LONDON - Royal Dutch Shell PLC Monday said it was exiting its Libyan exploration blocks amid insecurity and harsh contracts, the first such move since Gadhafi's overthrow.
The Anglo-Dutch giant insisted it was still interested in the country, which holds Africa's largest oil reserves.
But the move casts a cloud on Libya's oil recovery as Shell had originally planned sizable investments in the blocks.
Shell "intends to suspend and abandon drilled wells and stop exploration in [its] Libyan licenses," a company spokesman said, confirming an internal email seen by Dow Jones Newswires.
Libya's oil production has fast recovered since the toppling of strongman Moammar Gadhafi last year. But foreign companies complain of tough contracts and of persistent insecurity.
The deals, which the new government says it won't change, had already led to the exit of several companies under the old regime. Others, like Germany's Wintershall AG, have warned the terms could impede decisions on new investments.
The Shell spokesman said exploration "results [prior to the war] have been disappointing and further exploration cannot be economically justified," he said.
In 2004, Shell signed preliminary deals with Gadhafi's regime potentially worth billions of dollars of investments, from exploration to a possible liquefied natural gas plant.
After interrupting its operations when the civil war started in early 2011, Shell had previously said it was studying a return to Libya.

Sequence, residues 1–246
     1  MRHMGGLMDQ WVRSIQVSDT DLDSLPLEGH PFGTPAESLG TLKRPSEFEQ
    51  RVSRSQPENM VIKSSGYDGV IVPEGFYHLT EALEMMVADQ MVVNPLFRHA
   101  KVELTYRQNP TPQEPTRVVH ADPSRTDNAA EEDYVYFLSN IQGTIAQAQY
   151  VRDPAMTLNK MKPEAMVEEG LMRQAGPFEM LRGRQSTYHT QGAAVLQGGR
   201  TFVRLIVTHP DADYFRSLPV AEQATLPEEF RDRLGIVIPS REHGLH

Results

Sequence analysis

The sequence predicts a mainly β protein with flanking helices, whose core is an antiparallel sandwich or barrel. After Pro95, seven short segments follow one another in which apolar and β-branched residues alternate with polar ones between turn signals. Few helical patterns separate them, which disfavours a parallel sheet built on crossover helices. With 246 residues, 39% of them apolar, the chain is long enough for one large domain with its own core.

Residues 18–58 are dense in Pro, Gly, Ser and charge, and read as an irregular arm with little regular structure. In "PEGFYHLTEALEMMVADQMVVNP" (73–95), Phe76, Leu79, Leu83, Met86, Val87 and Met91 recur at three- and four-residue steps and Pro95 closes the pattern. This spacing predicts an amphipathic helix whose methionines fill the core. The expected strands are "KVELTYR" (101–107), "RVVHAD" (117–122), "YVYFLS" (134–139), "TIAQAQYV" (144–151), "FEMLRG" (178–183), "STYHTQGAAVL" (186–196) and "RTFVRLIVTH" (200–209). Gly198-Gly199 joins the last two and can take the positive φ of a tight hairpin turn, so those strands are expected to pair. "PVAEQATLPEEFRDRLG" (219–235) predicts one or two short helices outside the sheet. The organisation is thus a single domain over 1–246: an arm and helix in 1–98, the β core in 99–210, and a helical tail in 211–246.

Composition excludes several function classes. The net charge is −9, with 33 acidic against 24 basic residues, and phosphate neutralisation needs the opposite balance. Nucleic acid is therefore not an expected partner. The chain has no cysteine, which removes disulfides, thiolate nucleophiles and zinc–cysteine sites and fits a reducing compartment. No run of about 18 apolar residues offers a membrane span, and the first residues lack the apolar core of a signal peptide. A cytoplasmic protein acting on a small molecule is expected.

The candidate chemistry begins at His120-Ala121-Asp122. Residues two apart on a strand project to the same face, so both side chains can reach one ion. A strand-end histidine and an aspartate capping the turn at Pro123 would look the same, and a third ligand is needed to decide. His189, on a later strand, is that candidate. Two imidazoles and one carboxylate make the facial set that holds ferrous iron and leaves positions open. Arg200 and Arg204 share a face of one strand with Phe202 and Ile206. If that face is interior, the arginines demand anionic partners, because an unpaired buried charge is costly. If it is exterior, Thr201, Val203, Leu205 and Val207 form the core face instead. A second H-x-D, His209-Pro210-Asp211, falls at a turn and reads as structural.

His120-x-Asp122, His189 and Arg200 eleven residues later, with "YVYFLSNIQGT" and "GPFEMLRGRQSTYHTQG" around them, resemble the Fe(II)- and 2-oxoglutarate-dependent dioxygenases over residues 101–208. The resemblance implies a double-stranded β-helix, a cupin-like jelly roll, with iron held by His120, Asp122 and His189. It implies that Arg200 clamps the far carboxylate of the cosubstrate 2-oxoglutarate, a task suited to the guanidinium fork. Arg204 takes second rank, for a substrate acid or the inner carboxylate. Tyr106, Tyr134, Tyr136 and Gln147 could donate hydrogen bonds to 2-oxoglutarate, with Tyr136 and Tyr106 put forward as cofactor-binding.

But insecurity, including frequent attacks on oil officials, contributed to its decision to abandon the exploration blocks, according to people familiar with the matter.
British oil giant BP PLC, which signed a $900 million exploration deal in 2009, has yet to resume operations in part due to insecurity, while other companies have kept the return of expatriates to a minimum. However, a BP spokesman said it still intends to return to Libya. In an internal email, Shell Libya said "severance packages will be offered to all staff."
But the email said it "will actively continue to engage with the [National Oil Co.] and Libyan authorities to explore other business opportunities.
"This is not a country exit, and a Shell Representative Office will remain in Libya," it added.
Copyright (c) 2012 Dow Jones & Company, Inc.
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